seattlestormchaser.blogspot.com

Ryan

Ryan said...

Thorvald Hjort, born in 1918 on the farm where I now live, tells on a 1977 recording how the family would travel the 7 miles to Arlington for the 4th of July parade every year. On the 5th they would begin cutting hay. The old timers knew that that was when favorable haying weather would finally kick in. After trying to to be clever and make a little June hay, I have finally listened to my elders and now I just wait. I shouldn't be surprised at the wisdom of old, but it looks once again like summer will arrive on the 5th of July.

Lindsey said...

But none of this answers why June was so anomalously cool and wet. If we have a June with "average" weather, this "transition" is not nearly so abrupt.

lavender farmer said...

On June 23rd, we had a brief, violent thunder storm that dropped enough hail to pile up in the corners, and included odd, tornado-like winds. None of my neighbors were around to see it happen, but several of us in rural Whatcom County lost one or two tall trees among many that were not harmed. Driving to Seattle later that weekend, I noticed a swath of damaged forest on a hillside north of Burlington--live trees that now looked like pick-up-sticks strewn down a narrow section of the slope. The rest of the hillside was untouched. I'd be interested to know about the frequency and strength of tornado-like winds on the north Cascades western slopes. Thanks!

Rod said...

Hi Cliff,

I wasn't expecting this typhoon today, Tuesday. All my corn is almost flattened. I could never make it as a farmer. The weather would drive me stark raving nuts.

bphill said...

We all know that summer lasts from July 5th to the Friday before Labor Day. Then we get one more week of summer on a Monday through Friday in mid-September.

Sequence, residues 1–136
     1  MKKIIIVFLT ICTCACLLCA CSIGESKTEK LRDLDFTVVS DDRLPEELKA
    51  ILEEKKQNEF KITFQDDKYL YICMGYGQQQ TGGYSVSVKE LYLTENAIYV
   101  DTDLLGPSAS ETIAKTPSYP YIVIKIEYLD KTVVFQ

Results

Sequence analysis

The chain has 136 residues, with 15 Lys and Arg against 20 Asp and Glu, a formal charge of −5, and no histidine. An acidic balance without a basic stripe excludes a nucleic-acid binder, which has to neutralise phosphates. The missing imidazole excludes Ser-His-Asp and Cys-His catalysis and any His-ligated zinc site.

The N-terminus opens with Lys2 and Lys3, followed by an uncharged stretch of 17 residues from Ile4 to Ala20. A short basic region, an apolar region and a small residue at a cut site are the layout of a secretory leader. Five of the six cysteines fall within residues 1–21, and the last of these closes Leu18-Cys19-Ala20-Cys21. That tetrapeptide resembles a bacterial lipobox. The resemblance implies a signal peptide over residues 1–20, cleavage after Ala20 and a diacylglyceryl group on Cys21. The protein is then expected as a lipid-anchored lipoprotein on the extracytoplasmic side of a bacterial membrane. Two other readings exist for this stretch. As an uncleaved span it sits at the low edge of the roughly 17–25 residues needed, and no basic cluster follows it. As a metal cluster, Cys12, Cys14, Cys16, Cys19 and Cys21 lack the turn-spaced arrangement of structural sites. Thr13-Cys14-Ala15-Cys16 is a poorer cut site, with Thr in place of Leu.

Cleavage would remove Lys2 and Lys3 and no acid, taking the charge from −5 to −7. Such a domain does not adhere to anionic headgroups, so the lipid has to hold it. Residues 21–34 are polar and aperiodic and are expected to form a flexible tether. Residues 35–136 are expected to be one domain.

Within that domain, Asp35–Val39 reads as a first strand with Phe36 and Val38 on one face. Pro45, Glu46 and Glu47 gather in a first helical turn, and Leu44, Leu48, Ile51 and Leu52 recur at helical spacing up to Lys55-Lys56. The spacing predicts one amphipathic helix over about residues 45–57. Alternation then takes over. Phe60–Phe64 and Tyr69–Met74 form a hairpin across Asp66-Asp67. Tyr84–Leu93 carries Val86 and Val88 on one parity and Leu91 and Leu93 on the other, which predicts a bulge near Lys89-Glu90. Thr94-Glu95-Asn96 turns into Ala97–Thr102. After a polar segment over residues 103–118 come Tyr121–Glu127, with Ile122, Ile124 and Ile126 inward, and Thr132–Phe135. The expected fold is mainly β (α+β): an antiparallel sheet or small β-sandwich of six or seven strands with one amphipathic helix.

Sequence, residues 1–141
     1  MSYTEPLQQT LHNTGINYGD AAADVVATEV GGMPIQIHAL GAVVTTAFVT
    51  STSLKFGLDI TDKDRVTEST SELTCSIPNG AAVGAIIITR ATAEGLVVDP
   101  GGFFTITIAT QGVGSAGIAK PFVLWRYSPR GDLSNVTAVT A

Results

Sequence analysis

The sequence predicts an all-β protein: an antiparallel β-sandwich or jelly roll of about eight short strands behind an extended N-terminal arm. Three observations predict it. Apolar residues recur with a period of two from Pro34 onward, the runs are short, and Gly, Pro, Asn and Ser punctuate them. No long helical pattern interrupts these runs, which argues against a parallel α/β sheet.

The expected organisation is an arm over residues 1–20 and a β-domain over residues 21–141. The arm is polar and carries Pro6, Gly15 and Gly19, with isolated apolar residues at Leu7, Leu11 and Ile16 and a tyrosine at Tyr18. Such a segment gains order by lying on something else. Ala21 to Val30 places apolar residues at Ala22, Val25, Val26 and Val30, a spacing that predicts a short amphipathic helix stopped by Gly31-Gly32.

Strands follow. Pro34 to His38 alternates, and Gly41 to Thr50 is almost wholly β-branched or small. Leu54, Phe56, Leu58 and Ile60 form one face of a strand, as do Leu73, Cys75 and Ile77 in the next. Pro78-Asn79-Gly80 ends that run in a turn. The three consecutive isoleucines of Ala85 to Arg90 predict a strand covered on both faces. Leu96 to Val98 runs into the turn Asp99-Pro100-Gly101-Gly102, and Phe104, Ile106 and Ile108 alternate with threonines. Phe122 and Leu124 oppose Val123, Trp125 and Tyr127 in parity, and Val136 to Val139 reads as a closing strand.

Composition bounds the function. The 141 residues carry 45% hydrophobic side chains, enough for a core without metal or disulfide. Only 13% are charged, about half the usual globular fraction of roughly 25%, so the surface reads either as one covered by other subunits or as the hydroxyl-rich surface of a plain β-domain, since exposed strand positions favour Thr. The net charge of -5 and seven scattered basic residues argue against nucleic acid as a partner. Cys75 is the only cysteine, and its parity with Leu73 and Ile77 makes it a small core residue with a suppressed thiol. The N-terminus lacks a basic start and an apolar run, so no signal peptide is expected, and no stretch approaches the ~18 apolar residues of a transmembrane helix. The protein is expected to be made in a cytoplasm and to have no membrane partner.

An Ordinary Average Guy said...

Cliff,

As always, I thank you for sharing the data and explanations. The graph on the probability of .01 inches of precip falling was surprisingly interesting and validated a winter observation that i thought was my imagination.

You graphs showed me another interesting and I suspect heretofore unknown weather pronominal: Apparently if you go far enough into Canada, they have no weather! See what I mean: http://1.bp.blogspot.com/-Sci6f5W3DmM/T_GzO2xkChI/AAAAAAAAHvg/zeIC7y1h-mk/s1600/814temp.new.gif

After all, computers don't lie do they?

Got a laugh out of the lack of modeling over Canada and figured there was some NOAA/NWS reason but it's still funny to see.

Rod said...

Please, Larry,

Explain this windstorm we had in West Seattle all day.

This is the first time in sixteen years of gardening that my corn has been flattened by a windstorm in West Seattle.

My house, admittedly, is on the hill above ALKI point. But, good gosh...

Fetlock said...

Thank you for the good news on summer. Farmers out here in central WA could use a little heat.

I was wondering if you had time to talk about the "derecho" event that happened back east? I love reading about the weather but have not heard that term before. I believe it means "right" in Espanol, and I was wondering if that's how the storms were named.

Love the sky poet pictures too--those were fabulous.

Julie said...

Could the fires in Colorado and elsewhere be contributing factors to the derecho and record heat in the east?

wanne1 said...

For many years I took vacation during the last 2 weeks of July because the weather was the best of the summer. Now I know why!

Tall Travel Dude said...

Our family always plans important events around the weekend of the Bellevue Arts Festival (or is it a fair)? It's the last weekend of July, and I've read (heard?) that it's statistically the best weekend (week?) - weatherwise - of the year (assuming you like sun and heat).